UPDATE 3-Democrats ready to pursue aggressive Trump oversight: Pelosi
"We have a constitutional responsibility for oversight," House Speaker Nancy Pelosi told reporters, a day after voters gave Democrats control of the House for the first time in eight years.
"This doesn't mean we go looking for a fight. But it means that if we see a need to go forward, we will," she said.
Incoming Democratic committee chairmen are expected to lead investigations into Trump's long-hidden tax returns, possible conflicts of interest from his business empire and any collusion between Russia and Trump's campaign team in the 2016 election.
Pelosi, who hopes to return as House speaker when the new Democratic majority takes over in January, said committee chairmen will decide how to proceed and make their recommendations to the Democratic caucus.
"But you can be sure of one thing: when we go down any of these paths, we'll know what we're doing and we'll do it right," said the 78-year-old San Francisco liberal.
Trump earlier threatened to forego any attempt at bipartisanship and urge retaliatory investigations against Democrats in the Senate, which Republicans retained on Tuesday.
"We're going to do the same thing, and government comes to a halt, and I would blame them," Trump said at a news conference.
Trump does not have the authority to order Senate investigations. Senate Republican leader Mitch McConnell declined to comment on the possibility of retaliatory probes, which Trump first raised in a morning statement on Twitter.
Trump has never faced opposition party control in Congress as president. Democrats say their House majority will end the ability of Republican lawmakers to protect him from scrutiny.
"The American people have demanded accountability from their government," Representative Jerrold Nadler, the New York Democrat poised to become chairman of the House Judiciary Committee, wrote on Twitter.
Trump "may not like it, but he and his administration will be held accountable to our laws and to the American people."
The confrontational tone on both sides may preview what's in store for the next two years of Trump's presidency.
Nadler, once slammed by Trump as "one of the most egregious hacks in contemporary politics," is among four senior Democrats who have clashed with the president in the past and will take over key House committees when the new Congress convenes.
The others are Elijah Cummings at the House Oversight Committee; Adam Schiff of the Intelligence Committee, slammed by Trump as "sleazy;" and Maxine Waters at the Financial Services Committee, whom Trump said has "extraordinarily low IQ."
Chairing the committees - where they are currently the highest-ranking Democrats - will give these Democrats the power to demand documents and testimony from White House officials and figures in Trump's campaign team and businesses, and to issue subpoenas if needed.
"I plan to shine a light on waste, fraud, and abuse in the Trump administration," Cummings said on Wednesday.
"I want to probe senior administration officials across the government who have abused their positions of power and wasted taxpayer money, as well as President Trump's decisions to act in his own financial self-interest," he said in a statement.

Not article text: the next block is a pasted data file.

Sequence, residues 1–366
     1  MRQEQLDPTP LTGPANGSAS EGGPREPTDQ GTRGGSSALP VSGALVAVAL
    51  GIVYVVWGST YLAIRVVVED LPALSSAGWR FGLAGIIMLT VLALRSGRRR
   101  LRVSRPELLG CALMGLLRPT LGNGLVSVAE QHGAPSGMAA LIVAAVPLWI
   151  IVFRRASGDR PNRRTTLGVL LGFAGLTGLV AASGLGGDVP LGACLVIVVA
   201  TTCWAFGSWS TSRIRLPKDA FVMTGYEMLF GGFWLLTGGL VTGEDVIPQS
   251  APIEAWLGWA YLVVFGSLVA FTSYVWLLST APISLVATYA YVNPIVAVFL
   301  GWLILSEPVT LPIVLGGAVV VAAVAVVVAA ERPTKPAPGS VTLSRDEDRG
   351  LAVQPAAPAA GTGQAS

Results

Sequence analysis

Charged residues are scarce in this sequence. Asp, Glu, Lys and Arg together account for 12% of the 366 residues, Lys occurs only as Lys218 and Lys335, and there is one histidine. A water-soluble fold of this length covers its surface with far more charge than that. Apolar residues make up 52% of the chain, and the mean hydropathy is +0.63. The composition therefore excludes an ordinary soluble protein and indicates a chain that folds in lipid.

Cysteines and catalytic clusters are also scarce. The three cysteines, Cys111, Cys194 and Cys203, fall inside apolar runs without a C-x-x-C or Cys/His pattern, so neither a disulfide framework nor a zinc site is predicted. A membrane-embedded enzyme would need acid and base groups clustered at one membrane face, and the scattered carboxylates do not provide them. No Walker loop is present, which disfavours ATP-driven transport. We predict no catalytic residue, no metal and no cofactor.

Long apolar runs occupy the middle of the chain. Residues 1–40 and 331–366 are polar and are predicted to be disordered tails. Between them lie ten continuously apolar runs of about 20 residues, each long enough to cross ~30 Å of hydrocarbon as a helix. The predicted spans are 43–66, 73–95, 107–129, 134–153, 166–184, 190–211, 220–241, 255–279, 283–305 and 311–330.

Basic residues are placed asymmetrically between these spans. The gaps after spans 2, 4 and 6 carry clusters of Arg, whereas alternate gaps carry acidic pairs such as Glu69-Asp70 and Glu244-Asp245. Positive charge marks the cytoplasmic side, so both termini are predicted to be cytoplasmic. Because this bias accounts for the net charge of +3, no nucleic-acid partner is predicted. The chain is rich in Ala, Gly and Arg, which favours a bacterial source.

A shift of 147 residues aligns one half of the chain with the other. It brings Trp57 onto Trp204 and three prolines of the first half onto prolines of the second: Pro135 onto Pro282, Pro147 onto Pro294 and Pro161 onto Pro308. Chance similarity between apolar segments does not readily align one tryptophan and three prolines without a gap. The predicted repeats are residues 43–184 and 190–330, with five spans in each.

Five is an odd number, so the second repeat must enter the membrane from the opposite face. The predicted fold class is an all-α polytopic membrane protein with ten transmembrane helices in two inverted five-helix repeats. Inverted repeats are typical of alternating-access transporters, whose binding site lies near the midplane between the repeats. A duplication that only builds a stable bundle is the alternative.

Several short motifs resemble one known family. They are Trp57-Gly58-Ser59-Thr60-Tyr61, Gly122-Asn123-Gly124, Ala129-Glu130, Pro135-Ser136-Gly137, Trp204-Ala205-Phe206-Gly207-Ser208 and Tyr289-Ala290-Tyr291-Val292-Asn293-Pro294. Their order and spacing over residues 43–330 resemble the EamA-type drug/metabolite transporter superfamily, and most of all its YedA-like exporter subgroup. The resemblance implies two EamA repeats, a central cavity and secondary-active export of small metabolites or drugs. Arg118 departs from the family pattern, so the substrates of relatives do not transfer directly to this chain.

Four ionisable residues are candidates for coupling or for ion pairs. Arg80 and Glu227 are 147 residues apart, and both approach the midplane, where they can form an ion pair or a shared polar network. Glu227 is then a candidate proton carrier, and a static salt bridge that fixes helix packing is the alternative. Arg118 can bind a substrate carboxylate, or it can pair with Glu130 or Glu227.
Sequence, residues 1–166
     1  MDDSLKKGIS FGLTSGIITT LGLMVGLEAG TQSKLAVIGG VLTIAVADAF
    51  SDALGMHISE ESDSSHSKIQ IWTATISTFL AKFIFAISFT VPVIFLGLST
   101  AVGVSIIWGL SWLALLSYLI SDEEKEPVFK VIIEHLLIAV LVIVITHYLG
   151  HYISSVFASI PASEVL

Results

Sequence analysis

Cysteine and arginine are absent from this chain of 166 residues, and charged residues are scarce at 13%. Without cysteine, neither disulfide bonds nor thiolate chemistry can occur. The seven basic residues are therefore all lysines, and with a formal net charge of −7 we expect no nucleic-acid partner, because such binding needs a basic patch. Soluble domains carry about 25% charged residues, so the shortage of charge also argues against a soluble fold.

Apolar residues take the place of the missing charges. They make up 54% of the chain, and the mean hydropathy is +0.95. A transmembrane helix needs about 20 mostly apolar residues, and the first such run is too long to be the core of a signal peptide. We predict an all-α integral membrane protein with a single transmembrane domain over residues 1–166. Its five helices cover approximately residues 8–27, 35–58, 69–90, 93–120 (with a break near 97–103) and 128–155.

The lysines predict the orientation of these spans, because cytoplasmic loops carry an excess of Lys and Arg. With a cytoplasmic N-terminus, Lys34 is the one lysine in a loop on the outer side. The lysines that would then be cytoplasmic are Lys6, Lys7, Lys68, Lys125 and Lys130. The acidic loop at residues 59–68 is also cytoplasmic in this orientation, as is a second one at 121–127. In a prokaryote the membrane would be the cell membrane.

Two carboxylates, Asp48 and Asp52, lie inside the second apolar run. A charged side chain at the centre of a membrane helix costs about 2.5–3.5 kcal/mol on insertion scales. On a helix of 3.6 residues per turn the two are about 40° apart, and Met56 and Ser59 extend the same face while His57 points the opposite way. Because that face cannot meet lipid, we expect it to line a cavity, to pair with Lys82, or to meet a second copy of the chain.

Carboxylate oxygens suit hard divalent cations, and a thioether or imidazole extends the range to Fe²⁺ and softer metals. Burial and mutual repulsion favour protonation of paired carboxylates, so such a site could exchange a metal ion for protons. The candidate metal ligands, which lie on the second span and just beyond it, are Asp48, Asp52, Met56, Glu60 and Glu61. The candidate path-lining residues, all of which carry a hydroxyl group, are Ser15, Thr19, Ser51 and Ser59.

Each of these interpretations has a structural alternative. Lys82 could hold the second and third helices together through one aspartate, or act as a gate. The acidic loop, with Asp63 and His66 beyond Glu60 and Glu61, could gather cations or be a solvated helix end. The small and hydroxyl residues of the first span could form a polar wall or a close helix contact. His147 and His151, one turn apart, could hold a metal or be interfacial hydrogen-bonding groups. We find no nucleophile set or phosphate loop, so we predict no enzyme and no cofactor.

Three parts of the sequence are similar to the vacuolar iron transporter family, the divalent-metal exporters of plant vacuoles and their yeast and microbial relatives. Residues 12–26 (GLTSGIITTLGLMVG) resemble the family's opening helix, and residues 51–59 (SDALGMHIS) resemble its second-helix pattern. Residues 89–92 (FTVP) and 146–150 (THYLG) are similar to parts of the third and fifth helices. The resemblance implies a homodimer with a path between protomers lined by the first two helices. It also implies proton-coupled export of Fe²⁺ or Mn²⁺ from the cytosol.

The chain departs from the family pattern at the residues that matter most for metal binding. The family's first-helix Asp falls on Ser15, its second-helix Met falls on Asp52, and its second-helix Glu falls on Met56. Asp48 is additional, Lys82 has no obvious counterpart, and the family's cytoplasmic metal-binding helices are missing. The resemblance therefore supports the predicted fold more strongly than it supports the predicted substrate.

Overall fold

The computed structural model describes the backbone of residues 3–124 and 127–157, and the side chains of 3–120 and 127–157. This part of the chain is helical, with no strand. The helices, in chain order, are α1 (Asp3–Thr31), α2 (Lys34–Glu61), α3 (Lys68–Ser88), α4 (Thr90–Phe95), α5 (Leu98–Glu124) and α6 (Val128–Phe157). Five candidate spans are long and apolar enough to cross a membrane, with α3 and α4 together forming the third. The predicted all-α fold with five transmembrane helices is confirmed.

The White House could respond to committee demands by citing executive privilege. That would likely result in court battles.
Trump senior adviser Kellyanne Conway told CNN that House Democrats could encounter resistance from lawmakers within their own ranks who won swing districts.
"People like when you focus on the issues, not investigations," Conway said. "The president's not nervous about anything."
A first salvo is expected to come from Representative Richard Neal, who will likely be the Democratic chairman of the tax-writing House Ways and Means Committee, and who has said he will demand Trump's tax returns from Treasury Secretary Steven Mnuchin. That could set in motion a series of probes into any disclosures from the documents.
Trump on Wednesday reiterated his claim that the returns cannot be released due to an Internal Revenue Service audit.
Schiff has said his panel would probe allegations that Russian money may have been laundered though Trump businesses and that Moscow might have financial leverage over him.
Waters and other Democrats have been clamoring for details about Trump’s relationship with German-based Deutsche Bank and what it may know about links between the president and Russia.
Nadler's panel would handle any effort to impeach Trump, depending on the outcome of Special Counsel Robert Mueller's federal probe into Russian meddling in the 2016 U.S. elections and possible Trump campaign collusion with Moscow.
Trump denies any collusion and has long denounced Mueller's investigation as a witch hunt. Moscow denies meddling.
Nadler has said any impeachment effort must be based on evidence of action to subvert the Constitution that is so overwhelming it would trouble even the president's supporters.
(Reporting by David Morgan and Susan Cornwell Additional reporting by Patricia Zengerle, Amanda Becker, Susan Heavey and Mark Hosenball Editing by Kevin Drawbaugh)
(This story has not been edited by Devdiscourse staff and is auto-generated from a syndicated feed.)